“Colon cancer is the second leading cause of cancer deaths in the United States. The great thing is that we have an excellent way to avoid it, and it’s called a Screening Colonoscopy. For an average-risk person, the age to get your first colonoscopy is 45 years old. Almost all colon cancer starts as precancerous growths called polyps. We remove these polyps during a screening colonoscopy before they grow into cancer.
I look forward to March because it is colon cancer awareness month. Elevating this awareness message is critical to help prevent colon cancer and is part of my mission as a gastroenterologist in Plano, TX. I love it when someone comes in for a colonoscopy and tells me that they learned about it over a dinner party or talking with friends who have gone through it say it’s no big deal. The more people that share this message, the more lives we can save. So if you have had your screening colonoscopy, please share your experience with friends, family, co-workers, or total strangers. You might be saving someone’s life!”
– Kenneth Brown, MD
Colon Cancer: 5 Misconceptions
1) Screening for Colon Cancer is only needed if you have symptoms
Truth: A common belief is that colon cancer screening is only necessary for those experiencing signs and symptoms of colorectal cancer — such as bleeding from the rectum, persistent changes in bowel movements, or unexpected weight loss. However, the truth is that it takes years for this cancer to progress to a point where you experience symptoms, which is why it is described as a “silent disease.” By the time a patient begins noticing problems, the disease is often more advanced and more challenging to treat.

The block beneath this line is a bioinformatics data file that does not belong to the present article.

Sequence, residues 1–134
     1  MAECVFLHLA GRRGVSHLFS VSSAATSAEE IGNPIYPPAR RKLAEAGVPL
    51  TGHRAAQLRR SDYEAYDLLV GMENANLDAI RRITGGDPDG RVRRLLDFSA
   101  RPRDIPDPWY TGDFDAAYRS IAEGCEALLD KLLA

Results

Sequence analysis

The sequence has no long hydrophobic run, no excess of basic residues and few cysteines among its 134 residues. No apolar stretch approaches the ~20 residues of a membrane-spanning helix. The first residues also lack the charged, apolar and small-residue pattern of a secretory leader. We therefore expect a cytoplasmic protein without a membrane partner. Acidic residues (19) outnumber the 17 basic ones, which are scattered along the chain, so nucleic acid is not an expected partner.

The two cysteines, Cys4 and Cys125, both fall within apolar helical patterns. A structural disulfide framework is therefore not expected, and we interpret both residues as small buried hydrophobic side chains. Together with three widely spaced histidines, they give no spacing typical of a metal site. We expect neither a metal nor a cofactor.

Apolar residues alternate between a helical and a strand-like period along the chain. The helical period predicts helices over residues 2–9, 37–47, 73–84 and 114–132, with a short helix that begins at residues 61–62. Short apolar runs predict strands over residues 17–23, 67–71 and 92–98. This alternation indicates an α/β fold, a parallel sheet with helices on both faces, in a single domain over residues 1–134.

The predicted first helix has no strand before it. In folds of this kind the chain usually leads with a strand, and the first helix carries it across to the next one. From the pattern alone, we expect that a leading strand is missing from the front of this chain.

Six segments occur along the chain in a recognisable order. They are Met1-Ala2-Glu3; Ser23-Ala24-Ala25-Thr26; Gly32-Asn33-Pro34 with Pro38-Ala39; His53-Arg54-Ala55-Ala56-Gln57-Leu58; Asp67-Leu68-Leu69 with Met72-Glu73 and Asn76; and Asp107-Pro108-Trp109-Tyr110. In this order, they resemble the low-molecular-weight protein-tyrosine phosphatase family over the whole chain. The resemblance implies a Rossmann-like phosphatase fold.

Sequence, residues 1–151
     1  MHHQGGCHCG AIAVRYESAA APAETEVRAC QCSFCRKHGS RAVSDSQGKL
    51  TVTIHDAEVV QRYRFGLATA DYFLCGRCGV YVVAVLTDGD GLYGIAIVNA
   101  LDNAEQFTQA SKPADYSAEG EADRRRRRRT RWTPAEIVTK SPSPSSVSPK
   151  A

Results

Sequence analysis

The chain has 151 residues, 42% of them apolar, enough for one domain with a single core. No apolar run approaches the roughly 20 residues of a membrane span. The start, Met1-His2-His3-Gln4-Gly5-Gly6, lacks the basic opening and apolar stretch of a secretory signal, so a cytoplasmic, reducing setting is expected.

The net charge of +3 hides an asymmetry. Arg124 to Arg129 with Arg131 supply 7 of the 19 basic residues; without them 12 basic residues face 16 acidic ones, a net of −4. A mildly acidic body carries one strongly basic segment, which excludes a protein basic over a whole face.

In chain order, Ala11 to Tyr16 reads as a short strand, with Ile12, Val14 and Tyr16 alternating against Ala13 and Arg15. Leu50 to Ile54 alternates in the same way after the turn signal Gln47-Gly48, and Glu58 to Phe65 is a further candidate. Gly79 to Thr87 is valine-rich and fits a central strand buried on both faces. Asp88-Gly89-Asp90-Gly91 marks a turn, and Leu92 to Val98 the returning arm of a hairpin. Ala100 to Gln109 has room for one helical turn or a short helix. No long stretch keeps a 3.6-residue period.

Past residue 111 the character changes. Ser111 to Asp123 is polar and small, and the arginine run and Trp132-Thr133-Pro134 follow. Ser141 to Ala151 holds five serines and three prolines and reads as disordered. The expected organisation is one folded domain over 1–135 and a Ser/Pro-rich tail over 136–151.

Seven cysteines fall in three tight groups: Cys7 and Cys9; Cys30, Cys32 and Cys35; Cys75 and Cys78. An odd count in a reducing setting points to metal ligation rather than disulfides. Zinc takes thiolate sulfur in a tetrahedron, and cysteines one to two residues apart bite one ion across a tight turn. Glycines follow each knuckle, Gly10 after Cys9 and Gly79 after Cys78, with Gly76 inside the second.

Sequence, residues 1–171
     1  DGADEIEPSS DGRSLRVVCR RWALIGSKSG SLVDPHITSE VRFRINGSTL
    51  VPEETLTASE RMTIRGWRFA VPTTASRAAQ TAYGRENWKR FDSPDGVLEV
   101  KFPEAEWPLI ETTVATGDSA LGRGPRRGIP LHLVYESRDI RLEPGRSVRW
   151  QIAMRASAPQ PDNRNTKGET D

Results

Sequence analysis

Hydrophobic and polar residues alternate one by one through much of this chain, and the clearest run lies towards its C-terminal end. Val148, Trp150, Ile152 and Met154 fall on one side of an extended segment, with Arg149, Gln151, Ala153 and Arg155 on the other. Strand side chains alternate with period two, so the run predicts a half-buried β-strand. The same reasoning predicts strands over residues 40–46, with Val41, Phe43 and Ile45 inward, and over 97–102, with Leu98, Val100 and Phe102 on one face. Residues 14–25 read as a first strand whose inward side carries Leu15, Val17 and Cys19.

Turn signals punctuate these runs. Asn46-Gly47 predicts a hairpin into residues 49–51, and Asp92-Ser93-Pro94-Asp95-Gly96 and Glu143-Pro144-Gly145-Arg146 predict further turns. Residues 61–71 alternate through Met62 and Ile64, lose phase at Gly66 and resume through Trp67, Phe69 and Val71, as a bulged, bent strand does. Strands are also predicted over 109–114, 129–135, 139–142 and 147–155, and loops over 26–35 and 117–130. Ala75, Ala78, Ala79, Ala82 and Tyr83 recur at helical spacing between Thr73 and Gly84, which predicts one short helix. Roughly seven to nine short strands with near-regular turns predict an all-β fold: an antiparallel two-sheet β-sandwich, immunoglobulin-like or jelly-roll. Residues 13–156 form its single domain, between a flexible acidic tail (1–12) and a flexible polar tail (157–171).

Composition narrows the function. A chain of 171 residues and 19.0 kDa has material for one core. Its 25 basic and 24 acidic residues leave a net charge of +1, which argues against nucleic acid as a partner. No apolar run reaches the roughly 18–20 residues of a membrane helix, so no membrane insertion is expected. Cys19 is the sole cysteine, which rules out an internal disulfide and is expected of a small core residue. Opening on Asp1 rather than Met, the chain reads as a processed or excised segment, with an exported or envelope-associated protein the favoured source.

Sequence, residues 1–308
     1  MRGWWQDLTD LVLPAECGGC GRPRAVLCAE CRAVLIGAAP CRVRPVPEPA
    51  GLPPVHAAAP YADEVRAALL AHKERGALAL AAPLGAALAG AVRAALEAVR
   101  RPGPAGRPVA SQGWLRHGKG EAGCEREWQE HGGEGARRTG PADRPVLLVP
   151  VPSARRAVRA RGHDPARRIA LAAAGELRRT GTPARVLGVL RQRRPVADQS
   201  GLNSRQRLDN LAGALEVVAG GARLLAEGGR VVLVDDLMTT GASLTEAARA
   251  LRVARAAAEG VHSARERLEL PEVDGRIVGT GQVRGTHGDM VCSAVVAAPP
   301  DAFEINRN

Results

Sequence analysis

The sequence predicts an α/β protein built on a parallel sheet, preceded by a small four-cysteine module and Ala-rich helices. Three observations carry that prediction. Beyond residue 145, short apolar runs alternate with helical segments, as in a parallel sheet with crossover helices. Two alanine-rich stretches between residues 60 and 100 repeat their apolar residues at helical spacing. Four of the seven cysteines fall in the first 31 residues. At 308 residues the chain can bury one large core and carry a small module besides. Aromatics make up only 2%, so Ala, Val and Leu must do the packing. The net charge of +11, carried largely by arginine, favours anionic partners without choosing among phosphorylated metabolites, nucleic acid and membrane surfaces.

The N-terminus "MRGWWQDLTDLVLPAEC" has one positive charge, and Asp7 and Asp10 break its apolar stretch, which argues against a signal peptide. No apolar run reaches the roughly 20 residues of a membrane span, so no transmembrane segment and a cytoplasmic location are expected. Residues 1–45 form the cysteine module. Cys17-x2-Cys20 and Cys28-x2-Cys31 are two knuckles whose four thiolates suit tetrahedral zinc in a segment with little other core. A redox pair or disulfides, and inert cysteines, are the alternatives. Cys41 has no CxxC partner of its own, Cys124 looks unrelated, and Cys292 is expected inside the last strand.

Tip: Following the recommended colon cancer screening guidelines can prevent this cancer from developing. Factors such as age, medical history, family history, and ethnicity may play a role in the age your doctor recommends getting your 1st colonoscopy. Please have that conversation regardless of whether or not you are experiencing symptoms. Average-risk individuals should have their first screening colonoscopy at age 45.
2) Colon Cancer is an older person’s disease
Truth: While it is true that your risk of colon cancer increases with age, it can occur in younger adults & teenagers. In 2018, the American Cancer Society recommended that colon cancer screening starts at age 45, rather than 50, for average-risk individuals. This change was made due to a higher incidence of colon cancer in younger adults.
Tip: Don’t ignore your digestive symptoms, especially with younger adults. In some instances, common symptoms can indicate a more significant medical issue. Digestive diseases, like colorectal cancer, are easier to treat in the early stages of development.
3) The colonoscopy is painful and can be embarrassing
Truth: Colonoscopy is not a complicated procedure and is often easier than expected. Since patients are sedated, there should be no discomfort. Patient privacy is paramount during the exam. Their bottom is covered with a blanket, and the room lighting is turned down. The doctor and staff are looking at the screen displaying the visual from the camera, so there is no need to feel embarrassed.
Tip: Doing an excellent job with the prep is essential for a successful colonoscopy. Doing so provides a clear view of the colon for your doctor, which gives them the best opportunity to find polyps should they exist. While the prep can be unpleasant for some, newer prep kit solutions are easier to digest. Talk to your doctor if you ha